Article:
In my dance performances, I work with one other individual. I want to create a dyadic intimacy and explore the potential of what can be made. What we create derives from a predetermined choreographic form. The form is an armature for the individual performances. In each piece, the other performer and I decide and negotiate what the movements will be, as each performance demands that changes be made based on our physical capabilities and/or comfort levels. These decisions are informed rather than dictated by the choreography. In this way, ‘choreography,’ as it functions in my work, is a structure or mode of relating, and it is a basis for improvisation.
Every one of these duets is a specific education. Each body presents physical knowledge to the other, developing a vocabulary unique to the piece out of an identical choreographic structure and rote phrase-work. The piece is generative and rebellious; it builds upon itself and allows our experience to exceed its formal restrictions. It requires consent, openness to experimentation, and love for the unknown, ambiguous or queer territory of performance. What we perform is our relationship.
I am interested in the private experience of the performer that is sometimes in total isolation from the audience or the audience's reaction or interpretation. Dance is both subject and means of my research: it is the place where I explore how making work transforms me and others. I am not necessarily interested in ability or virtuosity, or form. I am interested in the thing that we share, or the thing that we can make. The relational practice generated through rehearsing lives as the work and the final performance is a small glimpse into that life which is created and sustained by our mistakes, pleasures and connections with each other. These pieces allow me and any other willing performer to be in a relationship, (competitive, familial, romantic, antagonistic, sexual, or otherwise) for any given period of time with varying levels of intensity and commitment required.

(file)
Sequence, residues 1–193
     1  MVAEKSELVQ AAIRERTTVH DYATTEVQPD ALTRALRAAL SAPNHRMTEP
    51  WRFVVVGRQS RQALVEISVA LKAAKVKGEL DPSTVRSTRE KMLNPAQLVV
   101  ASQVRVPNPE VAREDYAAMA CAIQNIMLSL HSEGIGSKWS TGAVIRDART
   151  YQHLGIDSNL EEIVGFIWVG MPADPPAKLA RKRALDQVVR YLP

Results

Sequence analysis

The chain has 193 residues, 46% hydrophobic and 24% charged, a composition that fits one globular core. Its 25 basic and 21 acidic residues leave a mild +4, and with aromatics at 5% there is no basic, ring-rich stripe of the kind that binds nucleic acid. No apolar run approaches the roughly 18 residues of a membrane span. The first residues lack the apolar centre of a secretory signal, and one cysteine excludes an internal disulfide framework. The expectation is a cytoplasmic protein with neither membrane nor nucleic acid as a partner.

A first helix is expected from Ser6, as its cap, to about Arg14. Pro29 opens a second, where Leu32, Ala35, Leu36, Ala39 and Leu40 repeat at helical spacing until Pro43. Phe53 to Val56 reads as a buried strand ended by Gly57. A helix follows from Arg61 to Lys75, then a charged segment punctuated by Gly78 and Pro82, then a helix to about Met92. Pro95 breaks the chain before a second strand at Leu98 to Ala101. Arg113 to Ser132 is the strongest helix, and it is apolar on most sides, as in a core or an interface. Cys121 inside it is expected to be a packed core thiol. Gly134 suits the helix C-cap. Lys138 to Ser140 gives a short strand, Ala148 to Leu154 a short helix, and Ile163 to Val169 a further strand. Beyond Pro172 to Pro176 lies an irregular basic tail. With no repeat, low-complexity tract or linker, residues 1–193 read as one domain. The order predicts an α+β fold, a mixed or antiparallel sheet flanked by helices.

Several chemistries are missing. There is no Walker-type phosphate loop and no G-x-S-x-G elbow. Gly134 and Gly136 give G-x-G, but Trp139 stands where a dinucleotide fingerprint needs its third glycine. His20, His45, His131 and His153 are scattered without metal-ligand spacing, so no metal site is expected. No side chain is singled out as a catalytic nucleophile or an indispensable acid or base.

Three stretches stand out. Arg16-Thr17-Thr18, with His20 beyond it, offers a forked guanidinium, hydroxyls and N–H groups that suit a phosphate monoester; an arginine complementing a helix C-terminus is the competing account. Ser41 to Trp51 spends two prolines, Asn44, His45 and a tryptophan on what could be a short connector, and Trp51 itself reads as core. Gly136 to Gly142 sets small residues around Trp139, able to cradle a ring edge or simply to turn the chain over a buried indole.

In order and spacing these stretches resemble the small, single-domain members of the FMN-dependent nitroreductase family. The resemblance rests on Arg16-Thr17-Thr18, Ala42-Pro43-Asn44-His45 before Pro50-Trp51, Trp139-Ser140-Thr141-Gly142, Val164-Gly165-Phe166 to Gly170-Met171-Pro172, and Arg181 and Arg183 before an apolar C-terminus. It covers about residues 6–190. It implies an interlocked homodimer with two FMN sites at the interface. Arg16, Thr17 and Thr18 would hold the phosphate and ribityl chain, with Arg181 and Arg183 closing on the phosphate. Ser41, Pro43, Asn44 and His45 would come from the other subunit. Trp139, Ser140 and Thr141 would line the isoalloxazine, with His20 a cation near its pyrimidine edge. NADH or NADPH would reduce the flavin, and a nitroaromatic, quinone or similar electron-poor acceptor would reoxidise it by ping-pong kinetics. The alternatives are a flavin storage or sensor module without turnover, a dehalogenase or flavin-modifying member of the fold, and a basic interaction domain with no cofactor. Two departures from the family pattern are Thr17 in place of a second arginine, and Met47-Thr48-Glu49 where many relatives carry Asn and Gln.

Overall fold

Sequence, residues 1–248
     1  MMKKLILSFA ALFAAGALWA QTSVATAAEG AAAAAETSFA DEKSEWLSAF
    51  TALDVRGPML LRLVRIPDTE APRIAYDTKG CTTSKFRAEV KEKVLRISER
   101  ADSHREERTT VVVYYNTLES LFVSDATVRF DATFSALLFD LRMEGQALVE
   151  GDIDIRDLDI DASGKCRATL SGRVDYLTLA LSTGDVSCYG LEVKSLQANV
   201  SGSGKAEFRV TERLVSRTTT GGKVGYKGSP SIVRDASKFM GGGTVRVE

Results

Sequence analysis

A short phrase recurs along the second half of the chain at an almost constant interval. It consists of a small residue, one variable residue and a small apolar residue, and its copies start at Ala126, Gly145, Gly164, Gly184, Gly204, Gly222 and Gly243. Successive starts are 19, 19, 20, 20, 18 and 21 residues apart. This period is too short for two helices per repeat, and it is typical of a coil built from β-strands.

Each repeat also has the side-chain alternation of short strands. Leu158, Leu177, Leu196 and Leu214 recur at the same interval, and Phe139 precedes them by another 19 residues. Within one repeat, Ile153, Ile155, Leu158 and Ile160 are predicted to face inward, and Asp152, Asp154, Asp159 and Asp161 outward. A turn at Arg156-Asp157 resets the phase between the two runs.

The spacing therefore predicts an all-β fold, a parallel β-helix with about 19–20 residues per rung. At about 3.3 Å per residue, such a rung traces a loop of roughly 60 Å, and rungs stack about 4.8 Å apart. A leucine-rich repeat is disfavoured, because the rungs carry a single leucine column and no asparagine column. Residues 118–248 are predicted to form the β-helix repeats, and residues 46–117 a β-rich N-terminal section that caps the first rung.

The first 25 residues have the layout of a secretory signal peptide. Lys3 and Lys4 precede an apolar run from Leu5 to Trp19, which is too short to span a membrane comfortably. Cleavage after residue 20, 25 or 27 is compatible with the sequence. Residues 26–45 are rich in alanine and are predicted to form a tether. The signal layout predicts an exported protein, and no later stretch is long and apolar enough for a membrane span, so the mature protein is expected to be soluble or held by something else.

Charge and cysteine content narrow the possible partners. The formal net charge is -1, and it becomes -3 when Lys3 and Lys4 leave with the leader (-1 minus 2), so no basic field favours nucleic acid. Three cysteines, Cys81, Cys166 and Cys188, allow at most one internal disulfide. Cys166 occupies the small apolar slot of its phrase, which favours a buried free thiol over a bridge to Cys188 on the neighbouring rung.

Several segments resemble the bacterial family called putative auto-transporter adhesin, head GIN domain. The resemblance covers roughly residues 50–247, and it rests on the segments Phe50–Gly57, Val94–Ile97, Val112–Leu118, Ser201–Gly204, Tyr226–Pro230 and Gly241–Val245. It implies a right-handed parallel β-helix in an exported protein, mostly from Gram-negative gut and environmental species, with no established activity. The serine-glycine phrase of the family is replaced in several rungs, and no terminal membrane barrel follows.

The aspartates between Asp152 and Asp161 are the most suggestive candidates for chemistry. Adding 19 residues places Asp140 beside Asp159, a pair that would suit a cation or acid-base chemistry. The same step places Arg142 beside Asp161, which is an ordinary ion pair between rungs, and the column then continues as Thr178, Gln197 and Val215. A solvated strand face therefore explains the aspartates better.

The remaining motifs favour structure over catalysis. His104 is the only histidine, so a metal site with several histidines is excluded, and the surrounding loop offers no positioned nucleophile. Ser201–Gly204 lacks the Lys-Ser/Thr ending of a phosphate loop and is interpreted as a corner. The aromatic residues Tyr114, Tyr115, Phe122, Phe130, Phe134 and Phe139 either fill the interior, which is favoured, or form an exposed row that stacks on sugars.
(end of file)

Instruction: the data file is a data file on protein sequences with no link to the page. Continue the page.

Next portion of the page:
'brother sister lover' began as a collaboration with Gideon Grody-Patinkin. It was first performed as a works-in-progress in November 2011 at Open Performance through Movement Research. The piece was re-worked and newly developed with Joseph Teeling in February 2012 through Workshop, an itinerant performance space organized by Samara Davis and Alex Fleming. It has most recently been performed as an iteration called 'The Tirade' with Kate Berlant in June and September of 2012, and performed again as another iteration with Ana Lieberman in January 2013.